Where we were
So I had just finished a quick test with some foil to see if the idea of painting the drawers would serve to turn them into an effective light tube. It worked. I had also bought the LEDs and the driver chips. I made a proto-board version of the backplane, and that sucked, so I knew I needed to find a better solution. Enter Halted Electronics.
The backplane and mounting
So I found this awesome proto-board at Halted that was basically tinned copper clad on one side, with predrilled holes in it (just like regular protoboard). I mapped out on the boards where the LEDs would sit and cut out some isolated areas on the board. I forget if the rest of the board was Vcc or Gnd... Then all I had to do was solder the LEDs, and the connector, and run wire back to the connector. The other LED legs were all on a common plane.
And, yes, it took a couple of weekends to do.
For mounting the board to the drawer holder I just made sure to line them up a bit and drilled a hole in the back. Then I used a couple of regular screws and a screw driver and fixed them to the back.
Painting the drawersProbably the longest and most arduous task in this project. To assist in the process I started out using these pieces of cardboard, but that was too slow. I ended up just using masking tape and spending a few hours taping up all the drawers. 64 drawers later I had them all painted. Then it was time to do it again!
LED Drivers and whatnot
As discussed previously the LEDs are driven using the TLC5940. My prototype uses 4 of them, one for each board, and an arduino to control them. Most of the software was already written so I designed a PCB and sent it out to the board house.
Once all of the wires were soldered, and the boards populated I went about mapping the LEDs in the Arduino. With a properly mapped LED matrix I was able to start working on the screensaver. One really neat thing about this box system is that it's also great for parties.
I wanted to have the drawers light up along with music from my computer. Being that I like to do things the hard way I decided that it would be awesome to have the computer stream the results of a Fourier transform done in soft real-time. After searching around on the internet for a while I found a visualizer that I could easily hack to suit my needs.
Impulse is a simple music visualizer for Ubuntu that looks good by itself. I liked it because it was already set up to interface with Pulseaudio. Pulseaudio is an audio software layer in Ubuntu, which has the nice feature of automatically creating a soft channel monitor for every output stream it handles. This is the software output monitor that Impulse uses to pass the audio stream to its FFT. From there it was a simple matter of importing impulse, calling the function, and massaging the output into my array -> serial protocol -> serial com link to the arduino(child's play in python).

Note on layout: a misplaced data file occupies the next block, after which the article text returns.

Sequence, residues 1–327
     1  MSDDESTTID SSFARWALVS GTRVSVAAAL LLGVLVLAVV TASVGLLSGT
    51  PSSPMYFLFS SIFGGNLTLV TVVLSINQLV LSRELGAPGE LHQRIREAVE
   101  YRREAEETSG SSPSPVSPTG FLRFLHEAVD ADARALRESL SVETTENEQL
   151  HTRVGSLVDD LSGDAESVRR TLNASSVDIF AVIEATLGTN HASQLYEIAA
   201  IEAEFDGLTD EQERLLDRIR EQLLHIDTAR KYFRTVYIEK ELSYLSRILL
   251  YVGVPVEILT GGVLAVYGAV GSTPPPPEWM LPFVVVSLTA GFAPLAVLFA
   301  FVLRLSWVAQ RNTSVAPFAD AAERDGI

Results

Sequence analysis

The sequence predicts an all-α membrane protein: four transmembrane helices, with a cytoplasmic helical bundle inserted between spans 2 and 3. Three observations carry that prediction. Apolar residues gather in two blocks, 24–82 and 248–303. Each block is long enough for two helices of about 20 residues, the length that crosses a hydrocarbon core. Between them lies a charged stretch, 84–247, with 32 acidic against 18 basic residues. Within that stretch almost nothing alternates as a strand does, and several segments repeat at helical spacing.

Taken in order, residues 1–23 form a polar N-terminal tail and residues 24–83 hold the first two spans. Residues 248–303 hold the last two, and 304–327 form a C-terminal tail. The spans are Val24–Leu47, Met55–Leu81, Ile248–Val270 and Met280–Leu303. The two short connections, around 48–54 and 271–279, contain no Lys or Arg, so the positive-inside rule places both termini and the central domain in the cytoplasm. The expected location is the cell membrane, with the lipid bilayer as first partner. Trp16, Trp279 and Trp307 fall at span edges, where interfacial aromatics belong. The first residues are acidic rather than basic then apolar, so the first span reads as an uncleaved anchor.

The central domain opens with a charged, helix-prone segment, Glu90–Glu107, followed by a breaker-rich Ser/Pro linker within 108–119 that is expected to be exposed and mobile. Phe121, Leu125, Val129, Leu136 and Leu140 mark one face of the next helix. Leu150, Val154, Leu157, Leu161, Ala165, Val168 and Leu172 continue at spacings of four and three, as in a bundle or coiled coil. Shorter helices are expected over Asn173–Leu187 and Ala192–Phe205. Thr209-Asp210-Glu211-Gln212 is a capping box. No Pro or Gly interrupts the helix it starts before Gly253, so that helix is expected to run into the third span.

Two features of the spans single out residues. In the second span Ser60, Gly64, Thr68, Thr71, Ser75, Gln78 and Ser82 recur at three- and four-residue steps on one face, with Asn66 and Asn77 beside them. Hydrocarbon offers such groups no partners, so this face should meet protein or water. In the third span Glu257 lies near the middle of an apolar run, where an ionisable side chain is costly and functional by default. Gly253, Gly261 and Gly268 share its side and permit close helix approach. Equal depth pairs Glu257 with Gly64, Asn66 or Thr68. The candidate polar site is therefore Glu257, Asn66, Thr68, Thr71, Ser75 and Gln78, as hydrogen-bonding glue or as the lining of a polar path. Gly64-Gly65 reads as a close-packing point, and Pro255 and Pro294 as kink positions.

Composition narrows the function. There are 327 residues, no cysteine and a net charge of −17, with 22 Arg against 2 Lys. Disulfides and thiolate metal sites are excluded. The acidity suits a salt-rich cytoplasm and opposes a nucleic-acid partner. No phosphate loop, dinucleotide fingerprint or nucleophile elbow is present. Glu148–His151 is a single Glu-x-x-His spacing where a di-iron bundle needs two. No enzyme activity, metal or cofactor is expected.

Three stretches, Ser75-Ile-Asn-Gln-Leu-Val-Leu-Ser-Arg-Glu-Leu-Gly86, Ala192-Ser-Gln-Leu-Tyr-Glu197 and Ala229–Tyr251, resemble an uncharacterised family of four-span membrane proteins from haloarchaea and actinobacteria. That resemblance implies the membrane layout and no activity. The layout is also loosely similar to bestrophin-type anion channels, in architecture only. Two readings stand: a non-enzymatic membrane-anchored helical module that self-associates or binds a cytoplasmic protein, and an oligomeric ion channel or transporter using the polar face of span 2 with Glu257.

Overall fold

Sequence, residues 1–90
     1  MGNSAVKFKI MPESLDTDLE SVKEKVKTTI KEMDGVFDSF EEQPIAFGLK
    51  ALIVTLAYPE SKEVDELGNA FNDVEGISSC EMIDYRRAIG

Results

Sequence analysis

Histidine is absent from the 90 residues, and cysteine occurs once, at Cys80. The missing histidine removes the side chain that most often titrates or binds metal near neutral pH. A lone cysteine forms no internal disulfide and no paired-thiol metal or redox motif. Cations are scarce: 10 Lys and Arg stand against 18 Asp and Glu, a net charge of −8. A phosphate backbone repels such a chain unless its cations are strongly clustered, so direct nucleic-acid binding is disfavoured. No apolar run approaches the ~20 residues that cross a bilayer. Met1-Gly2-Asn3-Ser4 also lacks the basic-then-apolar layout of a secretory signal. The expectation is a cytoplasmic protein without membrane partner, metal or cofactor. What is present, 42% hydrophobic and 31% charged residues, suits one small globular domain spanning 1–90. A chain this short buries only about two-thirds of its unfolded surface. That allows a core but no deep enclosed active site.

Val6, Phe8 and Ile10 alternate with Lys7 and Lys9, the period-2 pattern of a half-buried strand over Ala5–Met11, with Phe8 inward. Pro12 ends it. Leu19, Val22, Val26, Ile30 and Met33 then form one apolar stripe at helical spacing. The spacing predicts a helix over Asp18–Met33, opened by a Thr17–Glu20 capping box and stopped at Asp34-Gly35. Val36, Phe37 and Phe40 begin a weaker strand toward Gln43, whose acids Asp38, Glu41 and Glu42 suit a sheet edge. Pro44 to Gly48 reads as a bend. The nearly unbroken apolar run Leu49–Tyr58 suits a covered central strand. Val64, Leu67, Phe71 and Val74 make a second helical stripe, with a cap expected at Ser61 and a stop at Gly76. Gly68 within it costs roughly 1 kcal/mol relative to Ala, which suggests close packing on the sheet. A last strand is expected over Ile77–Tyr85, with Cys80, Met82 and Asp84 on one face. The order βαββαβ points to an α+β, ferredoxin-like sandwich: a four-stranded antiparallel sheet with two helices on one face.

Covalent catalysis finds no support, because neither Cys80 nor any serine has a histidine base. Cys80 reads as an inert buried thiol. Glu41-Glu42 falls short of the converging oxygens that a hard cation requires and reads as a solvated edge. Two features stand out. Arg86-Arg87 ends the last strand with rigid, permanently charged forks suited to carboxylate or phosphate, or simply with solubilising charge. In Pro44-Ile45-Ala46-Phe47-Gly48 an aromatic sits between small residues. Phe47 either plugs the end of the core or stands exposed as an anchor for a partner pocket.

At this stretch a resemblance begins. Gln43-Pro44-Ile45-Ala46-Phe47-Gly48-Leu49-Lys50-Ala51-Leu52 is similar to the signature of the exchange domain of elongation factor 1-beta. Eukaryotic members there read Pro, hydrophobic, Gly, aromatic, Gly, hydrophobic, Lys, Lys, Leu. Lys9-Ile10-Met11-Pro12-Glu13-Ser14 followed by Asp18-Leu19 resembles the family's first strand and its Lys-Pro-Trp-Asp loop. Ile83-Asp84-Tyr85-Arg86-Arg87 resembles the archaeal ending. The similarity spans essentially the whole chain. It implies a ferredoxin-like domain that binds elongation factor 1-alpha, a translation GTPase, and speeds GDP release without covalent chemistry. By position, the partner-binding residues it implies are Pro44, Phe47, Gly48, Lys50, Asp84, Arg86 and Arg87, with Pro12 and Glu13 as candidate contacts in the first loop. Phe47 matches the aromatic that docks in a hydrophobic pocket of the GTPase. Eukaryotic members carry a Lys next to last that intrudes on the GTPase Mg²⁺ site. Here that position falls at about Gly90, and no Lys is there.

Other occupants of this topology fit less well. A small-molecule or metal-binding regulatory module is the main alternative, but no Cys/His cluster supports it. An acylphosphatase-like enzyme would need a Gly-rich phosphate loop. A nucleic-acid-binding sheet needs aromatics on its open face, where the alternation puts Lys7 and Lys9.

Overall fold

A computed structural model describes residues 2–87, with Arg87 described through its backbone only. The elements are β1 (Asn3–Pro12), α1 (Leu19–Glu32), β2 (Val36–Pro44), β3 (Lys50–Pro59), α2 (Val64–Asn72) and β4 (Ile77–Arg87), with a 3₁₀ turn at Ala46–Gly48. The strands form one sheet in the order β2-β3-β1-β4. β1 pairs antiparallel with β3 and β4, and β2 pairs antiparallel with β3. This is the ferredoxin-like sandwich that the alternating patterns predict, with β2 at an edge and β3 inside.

Once I had the array in the arduino (the array is basically 8 numbers that represent the energy in each frequency band) it was straightforward to control the LEDs.
One issue that I had/have was timeout. Sometimes the serial link will have too much information passed down it. One symptom was that the device would simply quit working. To fix this I increased the baud rate, and turned on the watchdog feature for the arduino. Now if the arduino hangs because of serial issues, the watchdog will notice and restart the arduino. Here's more info on the watchdog features of the arduino: Arduino Watchdog.
I also had to do some tweaking to have the equalizer be more 'active'. Here's a video of what the system behaved like before the tweaking: pre-tweak.
After working with it a bit, this is what I have...
So what's next?
I have some time tonight. With the Maker Faire coming up on Sunday I am reminded that I have a bunch of pretty cool ideas backed up right now because I haven't finished this thing. Motivation is at an all time high, so I think I'll try and ride the wave all the way back into shore. First thing is first. I will need to finish development of my parts database. I want to have a good interface that will allow me to quickly add parts, reorganize the drawers, keep track of quantity, etc... I consider this step done when I have the database somewhat populated, I can complete searches using simple phrases like "1.uF," and the result will be returned via a lit up drawer.
After that is completed (I think about a week or so), I want to start making my android app. The android app is where I'll get voice search capabilities from.
As a final stroke I will also include a feature that will allow a user to build a BoM and have the system automatically light up drawers so that parts can be retrieved all at once. Additionally this thing will alert you when you run low on a part so you'll know to buy more.